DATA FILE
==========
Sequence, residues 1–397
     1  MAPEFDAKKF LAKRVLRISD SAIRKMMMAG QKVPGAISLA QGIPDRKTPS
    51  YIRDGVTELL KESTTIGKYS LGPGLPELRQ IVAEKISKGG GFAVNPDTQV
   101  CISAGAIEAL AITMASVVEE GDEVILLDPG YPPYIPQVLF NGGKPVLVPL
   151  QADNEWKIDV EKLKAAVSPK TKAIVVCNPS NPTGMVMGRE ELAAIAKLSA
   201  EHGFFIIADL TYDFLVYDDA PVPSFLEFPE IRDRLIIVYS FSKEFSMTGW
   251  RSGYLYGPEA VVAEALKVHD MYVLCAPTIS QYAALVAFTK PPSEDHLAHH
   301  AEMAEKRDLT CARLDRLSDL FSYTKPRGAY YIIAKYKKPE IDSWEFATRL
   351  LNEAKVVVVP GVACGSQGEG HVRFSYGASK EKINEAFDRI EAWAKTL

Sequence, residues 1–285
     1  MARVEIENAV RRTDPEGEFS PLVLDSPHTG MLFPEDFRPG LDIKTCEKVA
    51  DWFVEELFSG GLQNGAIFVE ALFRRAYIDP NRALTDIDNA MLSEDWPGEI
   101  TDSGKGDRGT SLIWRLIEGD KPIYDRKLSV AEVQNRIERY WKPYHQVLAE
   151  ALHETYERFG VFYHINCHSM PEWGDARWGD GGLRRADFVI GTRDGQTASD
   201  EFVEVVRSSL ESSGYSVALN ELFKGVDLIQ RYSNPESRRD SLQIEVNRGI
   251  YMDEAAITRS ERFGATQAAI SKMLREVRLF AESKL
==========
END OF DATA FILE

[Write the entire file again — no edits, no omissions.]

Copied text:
Sequence, residues 1–397
     1  MAPEFDAKKF LAKRVLRISD SAIRKMMMAG QKVPGAISLA QGIPDRKTPS
    51  YIRDGVTELL KESTTIGKYS LGPGLPELRQ IVAEKISKGG GFAVNPDTQV
   101  CISAGAIEAL AITMASVVEE GDEVILLDPG YPPYIPQVLF NGGKPVLVPL
   151  QADNEWKIDV EKLKAAVSPK TKAIVVCNPS NPTGMVMGRE ELAAIAKLSA
   201  EHGFFIIADL TYDFLVYDDA PVPSFLEFPE IRDRLIIVYS FSKEFSMTGW
   251  RSGYLYGPEA VVAEALKVHD MYVLCAPTIS QYAALVAFTK PPSEDHLAHH
   301  AEMAEKRDLT CARLDRLSDL FSYTKPRGAY YIIAKYKKPE IDSWEFATRL
   351  LNEAKVVVVP GVACGSQGEG HVRFSYGASK EKINEAFDRI EAWAKTL

Sequence, residues 1–285
     1  MARVEIENAV RRTDPEGEFS PLVLDSPHTG MLFPEDFRPG LDIKTCEKVA
    51  DWFVEELFSG GLQNGAIFVE ALFRRAYIDP NRALTDIDNA MLSEDWPGEI
   101  TDSGKGDRGT SLIWRLIEGD KPIYDRKLSV AEVQNRIERY WKPYHQVLAE
   151  ALHETYERFG VFYHINCHSM PEWGDARWGD GGLRRADFVI GTRDGQTASD
   201  EFVEVVRSSL ESSGYSVALN ELFKGVDLIQ RYSNPESRRD SLQIEVNRGI
   251  YMDEAAITRS ERFGATQAAI SKMLREVRLF AESKL